In his recent blog post, evolutionary biologist and sleeping-with-mean-people advocate Jeremy Yoder tries his best to win an argument by shoplifting the conclusion rather than paying for it with good points. If you’re just tuning in, our debate was initiated when he bombed my Don’t Sleep With Mean People campaign Pearl Harbour style, prompting me to respond with a challenge: since Yoder claims he is keen to support a project of mine that teaches people about evolution, he should concede that this project is a worthy one and pay up. One thing I didn’t expect to have to do is teach an evolutionary biologist about evolution, but since this one keeps digging himself deeper, here goes.
In his original post, Yoder argued that the DSWMP slogan would never work because it assumes “the major component of variation in meanness is explained by genetics” and because the meanest people he could imagine – Rush Limbaugh, Simon Cowell, and Anne Coulter – would always be rationalized as charming and kind by their lovers. Although I deliberately left the definition of “mean” open-ended (ie “don’t sleep with homophobes” is a fair interpretation), I had less innocuous forms of meanness than social conservatism in mind, things like violence, aggression, cruelty, coercion, etc, the kinds of behaviours that incur felony charges and are overwhelmingly a male-perpetrated phenomenon. In his new post, Yoder’s argument is not that male violence isn’t an adaptation; rather, he argues that our violent tendencies have been so completely drilled into us by natural selection that they show insufficient genetic variation for selection to act on:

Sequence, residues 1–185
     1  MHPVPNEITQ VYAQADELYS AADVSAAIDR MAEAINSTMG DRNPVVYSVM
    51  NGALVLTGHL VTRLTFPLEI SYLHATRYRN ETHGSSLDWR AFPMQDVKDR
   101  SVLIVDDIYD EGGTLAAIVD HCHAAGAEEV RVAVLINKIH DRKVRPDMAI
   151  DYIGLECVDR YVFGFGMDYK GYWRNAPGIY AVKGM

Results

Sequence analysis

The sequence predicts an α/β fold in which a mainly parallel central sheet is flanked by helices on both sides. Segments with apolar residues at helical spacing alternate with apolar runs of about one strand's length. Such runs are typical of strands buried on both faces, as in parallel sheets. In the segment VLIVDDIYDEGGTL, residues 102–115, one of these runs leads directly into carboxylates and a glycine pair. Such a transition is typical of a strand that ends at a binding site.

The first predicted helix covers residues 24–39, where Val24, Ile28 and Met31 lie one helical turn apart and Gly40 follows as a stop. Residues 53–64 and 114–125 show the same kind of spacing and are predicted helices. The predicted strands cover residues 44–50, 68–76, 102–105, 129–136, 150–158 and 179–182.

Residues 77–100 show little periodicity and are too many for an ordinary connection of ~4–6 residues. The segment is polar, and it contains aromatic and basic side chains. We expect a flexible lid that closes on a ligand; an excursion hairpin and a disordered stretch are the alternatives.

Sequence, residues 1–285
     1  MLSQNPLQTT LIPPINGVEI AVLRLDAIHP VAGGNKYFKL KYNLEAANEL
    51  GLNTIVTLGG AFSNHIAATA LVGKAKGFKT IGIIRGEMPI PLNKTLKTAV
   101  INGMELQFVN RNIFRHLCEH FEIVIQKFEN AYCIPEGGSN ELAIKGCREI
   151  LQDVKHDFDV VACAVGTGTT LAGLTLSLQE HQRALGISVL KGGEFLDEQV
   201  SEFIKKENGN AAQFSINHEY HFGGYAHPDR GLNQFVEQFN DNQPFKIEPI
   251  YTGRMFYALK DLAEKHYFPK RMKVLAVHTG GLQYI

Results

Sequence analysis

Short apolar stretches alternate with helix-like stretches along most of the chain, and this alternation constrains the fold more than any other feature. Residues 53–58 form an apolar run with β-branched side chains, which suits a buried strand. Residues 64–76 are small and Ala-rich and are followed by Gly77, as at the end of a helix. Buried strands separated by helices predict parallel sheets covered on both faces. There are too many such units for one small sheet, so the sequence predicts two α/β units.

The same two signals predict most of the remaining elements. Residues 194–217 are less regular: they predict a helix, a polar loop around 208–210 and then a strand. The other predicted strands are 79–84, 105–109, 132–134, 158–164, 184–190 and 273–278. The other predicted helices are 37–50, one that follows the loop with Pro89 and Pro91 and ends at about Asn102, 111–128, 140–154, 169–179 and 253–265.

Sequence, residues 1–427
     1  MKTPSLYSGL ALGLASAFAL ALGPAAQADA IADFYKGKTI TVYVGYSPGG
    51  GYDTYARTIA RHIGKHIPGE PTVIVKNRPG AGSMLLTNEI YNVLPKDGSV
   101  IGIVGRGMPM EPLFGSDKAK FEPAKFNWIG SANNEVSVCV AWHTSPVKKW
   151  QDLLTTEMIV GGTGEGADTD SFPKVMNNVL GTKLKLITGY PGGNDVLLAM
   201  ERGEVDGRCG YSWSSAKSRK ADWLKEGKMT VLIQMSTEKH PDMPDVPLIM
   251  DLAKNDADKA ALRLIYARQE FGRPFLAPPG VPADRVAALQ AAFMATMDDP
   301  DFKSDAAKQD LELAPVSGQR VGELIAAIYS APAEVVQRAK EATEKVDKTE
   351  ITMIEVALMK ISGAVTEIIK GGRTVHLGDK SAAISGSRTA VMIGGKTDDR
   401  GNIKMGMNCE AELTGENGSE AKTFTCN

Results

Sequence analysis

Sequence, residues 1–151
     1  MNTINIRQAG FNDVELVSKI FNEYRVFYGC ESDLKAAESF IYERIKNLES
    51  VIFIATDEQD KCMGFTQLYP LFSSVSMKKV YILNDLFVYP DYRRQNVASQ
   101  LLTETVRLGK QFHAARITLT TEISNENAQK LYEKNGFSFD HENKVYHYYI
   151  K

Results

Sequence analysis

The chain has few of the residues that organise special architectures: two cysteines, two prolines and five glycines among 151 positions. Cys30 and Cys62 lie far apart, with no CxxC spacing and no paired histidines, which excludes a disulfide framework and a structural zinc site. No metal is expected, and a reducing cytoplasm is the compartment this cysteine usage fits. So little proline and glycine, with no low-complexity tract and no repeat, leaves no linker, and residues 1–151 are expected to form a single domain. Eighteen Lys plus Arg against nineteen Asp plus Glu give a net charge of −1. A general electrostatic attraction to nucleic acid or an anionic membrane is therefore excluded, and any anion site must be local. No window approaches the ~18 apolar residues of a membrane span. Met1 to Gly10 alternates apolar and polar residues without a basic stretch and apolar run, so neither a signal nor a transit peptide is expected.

It may well be that there is something programmed into the development of human males that makes us, as a group, more likely to be violent once we’ve reached maturity—and, certainly, the development of boys into men is controlled by our genes. But natural selection (or artificial selection promoted by a nerd-rapper) needs genetic variation in order to operate. The fact that every male becomes more violent after puberty doesn’t tell us anything at all about whether individual differences in the magnitude of that change—differences that can be dramatic, both across and within cultural groups—are due to individual genetic differences. And if you don’t know that, you really can’t claim that you could select for reduced masculine meanness.
He’s right that a complete lack of individual genetic differences in proneness-to-violence would be a death-blow for my campaign, but luckily for me and all the other peaceniks who support the DSWMP credo, Yoder simply didn’t bother to look up any of the evidence.